Draft OARC Regeneration Plan - 3: The Green Spine

An Asian family looking at native New Zealand forest.

The Green Spine forms the core of the Regeneration Area. About eleven kilometres long and extending up to 150 metres on both sides of the river, it provides the thread that brings the area together.

An emphasis on the restoration of native habitats and the provision of infrastructure for walking and cycling means that the Green Spine will have a predominantly natural character with recreational opportunities.

Development of the Green Spine will enable enduring public access to the river, which in turn will stimulate a sense of community stewardship of the area.

Provision for a new City to Sea path would provide pedestrian and cycle access along the Green Spine, and lateral pathways and four footbridges would reconnect communities with the area. A Cultural Trail following the City to Sea path would provide insights into the social, cultural and environmental heritage of this land.

Eight landings located at regular intervals would provide seating, picnic and barbecue areas to encourage people to meet up and enjoy time near the river using recreation and community places spaced along the City to Sea path. In addition, widening of the river to create a local regatta course would provide better conditions for water sports.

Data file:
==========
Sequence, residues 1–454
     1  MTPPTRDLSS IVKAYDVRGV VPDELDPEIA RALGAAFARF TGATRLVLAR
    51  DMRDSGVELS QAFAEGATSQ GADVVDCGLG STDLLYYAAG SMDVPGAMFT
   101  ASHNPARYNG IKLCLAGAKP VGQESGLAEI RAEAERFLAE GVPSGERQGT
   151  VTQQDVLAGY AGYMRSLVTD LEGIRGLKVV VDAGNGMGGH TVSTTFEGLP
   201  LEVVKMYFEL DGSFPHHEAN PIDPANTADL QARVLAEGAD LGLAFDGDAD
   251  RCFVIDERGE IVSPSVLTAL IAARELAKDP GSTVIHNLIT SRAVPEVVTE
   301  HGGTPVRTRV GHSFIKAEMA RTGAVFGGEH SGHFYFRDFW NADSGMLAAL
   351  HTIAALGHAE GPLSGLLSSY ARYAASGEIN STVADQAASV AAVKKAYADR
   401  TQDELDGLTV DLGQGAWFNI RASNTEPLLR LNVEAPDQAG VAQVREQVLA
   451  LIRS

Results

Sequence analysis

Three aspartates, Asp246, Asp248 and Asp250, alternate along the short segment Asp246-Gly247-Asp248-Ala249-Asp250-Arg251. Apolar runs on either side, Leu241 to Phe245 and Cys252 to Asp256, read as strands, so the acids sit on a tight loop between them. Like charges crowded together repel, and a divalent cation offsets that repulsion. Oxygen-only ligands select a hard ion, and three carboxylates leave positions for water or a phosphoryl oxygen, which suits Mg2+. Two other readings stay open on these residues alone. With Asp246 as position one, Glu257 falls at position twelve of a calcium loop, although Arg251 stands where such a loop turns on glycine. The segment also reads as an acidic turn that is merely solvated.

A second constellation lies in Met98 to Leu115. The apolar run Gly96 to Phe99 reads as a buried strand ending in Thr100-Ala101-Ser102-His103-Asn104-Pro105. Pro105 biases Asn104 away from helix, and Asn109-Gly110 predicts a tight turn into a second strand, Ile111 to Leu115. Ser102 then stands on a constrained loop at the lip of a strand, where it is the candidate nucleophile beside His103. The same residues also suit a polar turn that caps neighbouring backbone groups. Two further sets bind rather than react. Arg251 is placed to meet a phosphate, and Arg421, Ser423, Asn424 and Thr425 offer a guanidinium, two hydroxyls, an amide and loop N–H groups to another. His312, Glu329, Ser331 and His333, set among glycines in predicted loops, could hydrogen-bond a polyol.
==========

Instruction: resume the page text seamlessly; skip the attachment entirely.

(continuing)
A diagram showing the key liinkages, landings and activity areas in the Green Spine

Provision of stopbanks and stormwater treatment areas would provide an essential service to the wider community and the environment through improved flood protection and enhanced water quality.

The mahinga kai framework should guide the design of the Green Spine and bind ecological, social and educational outcomes in a holistic, cohesive way. Up to 80% of the Green Spine could be set aside for ecological restoration and over time this green space will become a treasured asset and a core part of the identity of the city.

A detailed graphic of the Green Spine area


Summary of the concept for the area

  • Landscape character changes from residential character (pre-earthquakes) to open parkland (existing post-earthquakes) to proposed predominantly native restoration.
  • Extensive ecological restoration provides a range of native habitats and stormwater treatment areas.
  • Network of stopbanks are terraced into the landscape providing improved flood protection for surrounding residential areas.
  • A new City to Sea path and Cultural Trail along the river provide for greater recreational opportunities and celebration of heritage values.
  • Four new footbridges and shared paths connect communities across the river and with the City to Sea path.
  • Eight landings are placed at regular intervals as well as parks and spaces for community connection.
  • Proposed edge housing provides passive surveillance to improve edge conditions where required.
  • Proposed areas for trial and adaptive housing.